Writers Ron Miller and Orlando Murden initially envisioned “For Once in My Life” as a slow, earnest ballad, and its earliest documented renditions remained true to those intentions. That changed in the summer of 1967, when producer Hank Cosby (a founding member of the Funk Brothers) assigned the song to 17-year-old Wonder, whose meteoric recording career was entering a new, more mature phase.
“I said ‘Stevie, I love this song, and I think it hasn’t been recorded properly, because everybody sings the song like they’re dying [or] they’re crying — like they’re hurting. I thought ‘You’re supposed to be happy! You found somebody who loves you,’” Cosby told BBC Radio 1’s Stuart Grundy in 1977. “So we recorded the song, and I thought it came out great — so much fire, so much feeling — but when Ron Miller heard I had jazzed the song up, he went crazy! He went berserk! He said ‘What have you done to my song?! Oh my god!’ So the song laid on the shelf for one year. Nobody liked the song but Stevie and I. But anyway, [Motown] finally released the song, because there was no product on the shelf. As soon as the song was out, we knew it was a hit. Automatic hit. Straight to the top. [Miller] said ‘Oh, yes, I knew it all the time.’ He loved it after that.”
What’s not to love? Cosby’s instincts were resoundingly correct: Wonder’s innate energy and joy transformed “For Once in My Life,” making it the song it was always meant to be. The single, which features the Andantes and the Originals combining for pitch-perfect seven-part harmonies, rocketed to number two on Billboard’s pop and R&B charts following its Oct. 15, 1968 release, but it could not dethrone the recording sequenced next.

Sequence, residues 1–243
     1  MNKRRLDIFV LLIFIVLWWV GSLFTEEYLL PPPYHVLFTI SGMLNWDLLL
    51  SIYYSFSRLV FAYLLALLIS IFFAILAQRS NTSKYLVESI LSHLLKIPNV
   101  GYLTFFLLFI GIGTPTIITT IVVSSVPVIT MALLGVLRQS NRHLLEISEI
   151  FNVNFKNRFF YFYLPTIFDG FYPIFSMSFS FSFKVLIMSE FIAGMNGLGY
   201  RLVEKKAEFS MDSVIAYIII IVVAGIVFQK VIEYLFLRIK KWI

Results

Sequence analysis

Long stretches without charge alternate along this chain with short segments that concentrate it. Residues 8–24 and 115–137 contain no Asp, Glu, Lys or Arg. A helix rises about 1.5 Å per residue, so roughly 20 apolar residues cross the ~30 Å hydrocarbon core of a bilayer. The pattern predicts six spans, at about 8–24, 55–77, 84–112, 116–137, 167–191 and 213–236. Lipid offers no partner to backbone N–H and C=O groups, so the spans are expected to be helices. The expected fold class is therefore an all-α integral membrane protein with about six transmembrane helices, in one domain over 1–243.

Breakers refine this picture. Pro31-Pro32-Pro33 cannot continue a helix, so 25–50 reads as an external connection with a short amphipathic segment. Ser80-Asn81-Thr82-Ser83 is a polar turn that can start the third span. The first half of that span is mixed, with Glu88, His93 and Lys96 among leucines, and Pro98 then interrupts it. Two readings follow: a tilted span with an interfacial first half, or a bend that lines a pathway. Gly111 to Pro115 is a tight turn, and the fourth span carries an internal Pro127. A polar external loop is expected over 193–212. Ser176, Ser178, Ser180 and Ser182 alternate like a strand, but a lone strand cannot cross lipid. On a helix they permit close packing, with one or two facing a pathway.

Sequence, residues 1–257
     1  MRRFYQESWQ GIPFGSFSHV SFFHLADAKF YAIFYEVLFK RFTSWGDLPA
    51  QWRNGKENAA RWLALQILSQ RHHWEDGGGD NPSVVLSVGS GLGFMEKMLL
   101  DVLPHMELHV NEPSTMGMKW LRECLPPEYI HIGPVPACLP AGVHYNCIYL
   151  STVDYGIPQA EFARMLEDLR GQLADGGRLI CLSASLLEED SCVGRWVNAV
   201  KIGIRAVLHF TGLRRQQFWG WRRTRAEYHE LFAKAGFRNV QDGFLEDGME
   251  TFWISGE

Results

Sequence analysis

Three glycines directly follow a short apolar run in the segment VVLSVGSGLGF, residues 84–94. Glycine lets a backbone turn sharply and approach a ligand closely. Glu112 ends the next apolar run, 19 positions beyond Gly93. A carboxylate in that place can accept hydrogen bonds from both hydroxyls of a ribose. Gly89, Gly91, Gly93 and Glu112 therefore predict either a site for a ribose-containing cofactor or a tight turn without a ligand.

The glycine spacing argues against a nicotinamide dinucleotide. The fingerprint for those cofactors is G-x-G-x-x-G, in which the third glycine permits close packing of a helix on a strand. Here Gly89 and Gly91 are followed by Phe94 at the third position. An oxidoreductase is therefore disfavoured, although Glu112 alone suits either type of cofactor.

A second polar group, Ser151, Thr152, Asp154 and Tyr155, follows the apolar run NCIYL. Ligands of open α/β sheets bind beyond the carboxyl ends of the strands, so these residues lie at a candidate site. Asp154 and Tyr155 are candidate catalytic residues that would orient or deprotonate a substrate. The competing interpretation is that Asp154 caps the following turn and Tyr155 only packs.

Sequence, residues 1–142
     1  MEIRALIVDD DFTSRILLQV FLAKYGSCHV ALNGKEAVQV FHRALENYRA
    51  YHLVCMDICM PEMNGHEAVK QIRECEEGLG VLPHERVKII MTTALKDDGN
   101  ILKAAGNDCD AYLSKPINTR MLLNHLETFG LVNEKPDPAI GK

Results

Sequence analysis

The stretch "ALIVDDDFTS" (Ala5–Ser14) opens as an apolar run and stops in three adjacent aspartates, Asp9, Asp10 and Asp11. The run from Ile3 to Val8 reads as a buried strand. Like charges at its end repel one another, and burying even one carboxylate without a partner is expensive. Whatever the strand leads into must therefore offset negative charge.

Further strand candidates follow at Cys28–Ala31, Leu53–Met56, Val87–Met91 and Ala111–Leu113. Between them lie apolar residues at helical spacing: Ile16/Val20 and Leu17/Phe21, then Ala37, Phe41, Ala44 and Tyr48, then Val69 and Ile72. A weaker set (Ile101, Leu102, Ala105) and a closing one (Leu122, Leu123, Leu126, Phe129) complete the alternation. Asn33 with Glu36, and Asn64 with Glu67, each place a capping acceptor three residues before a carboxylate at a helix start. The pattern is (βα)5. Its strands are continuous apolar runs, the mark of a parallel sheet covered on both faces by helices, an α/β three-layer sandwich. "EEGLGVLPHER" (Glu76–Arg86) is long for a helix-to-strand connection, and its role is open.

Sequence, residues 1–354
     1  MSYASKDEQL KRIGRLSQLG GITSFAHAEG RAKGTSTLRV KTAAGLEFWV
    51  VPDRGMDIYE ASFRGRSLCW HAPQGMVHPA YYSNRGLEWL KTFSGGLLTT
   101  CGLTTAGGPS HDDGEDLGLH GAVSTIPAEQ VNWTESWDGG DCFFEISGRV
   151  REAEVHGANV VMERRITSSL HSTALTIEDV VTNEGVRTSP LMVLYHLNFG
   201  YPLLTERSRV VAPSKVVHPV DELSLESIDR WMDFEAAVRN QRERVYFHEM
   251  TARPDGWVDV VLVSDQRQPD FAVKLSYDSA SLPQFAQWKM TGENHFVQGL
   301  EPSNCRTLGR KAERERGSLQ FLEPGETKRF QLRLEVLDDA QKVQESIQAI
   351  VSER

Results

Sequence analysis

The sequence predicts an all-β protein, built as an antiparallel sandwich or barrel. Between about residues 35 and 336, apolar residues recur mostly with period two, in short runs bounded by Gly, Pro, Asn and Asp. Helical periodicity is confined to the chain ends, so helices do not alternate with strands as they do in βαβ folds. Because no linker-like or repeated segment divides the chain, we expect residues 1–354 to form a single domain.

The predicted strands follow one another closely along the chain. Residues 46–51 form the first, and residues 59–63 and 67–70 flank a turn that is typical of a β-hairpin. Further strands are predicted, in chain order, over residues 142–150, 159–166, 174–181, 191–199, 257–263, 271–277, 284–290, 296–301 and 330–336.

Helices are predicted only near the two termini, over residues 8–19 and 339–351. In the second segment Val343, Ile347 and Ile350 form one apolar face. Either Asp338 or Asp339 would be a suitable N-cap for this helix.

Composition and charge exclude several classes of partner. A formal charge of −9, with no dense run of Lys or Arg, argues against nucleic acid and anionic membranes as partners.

I Heard It Through the Grapevine (1968)
Marvin Gaye’s “I Heard It Through the Grapevine,” the confessional account of a man devastated to learn through the rumor mill of his lover’s infidelity, signaled a decisive departure from Motown classics past. Producer Norman Whitfield, who wrote the song in partnership with Barrett Strong, eschewed the ebullient R&B grooves that propelled the label’s commercial ascension in favor of something deeper, darker and more daring, and found the perfect vessel for his vision in Gaye, the gifted hitmaker torn between the sensual and the spiritual.
Gaye wasn’t the first Motown act to record “I Heard It Through the Grapevine,” however. Smokey Robinson’s Miracles cut the song in August 1966, although their rendition remained unreleased for two years; moreover, Gaye’s version — recorded over a series of five studio sessions spanning from Feb. 3 to April 10, 1967 — languished in the Motown vaults for 18 months. A fiery third rendition headlined by Gladys Knight and the Pips was the first to earn Berry Gordy’s approval, appearing on Motown’s Soul subsidiary on Sept. 28, 1967 and going on to sell 2.5 million copies.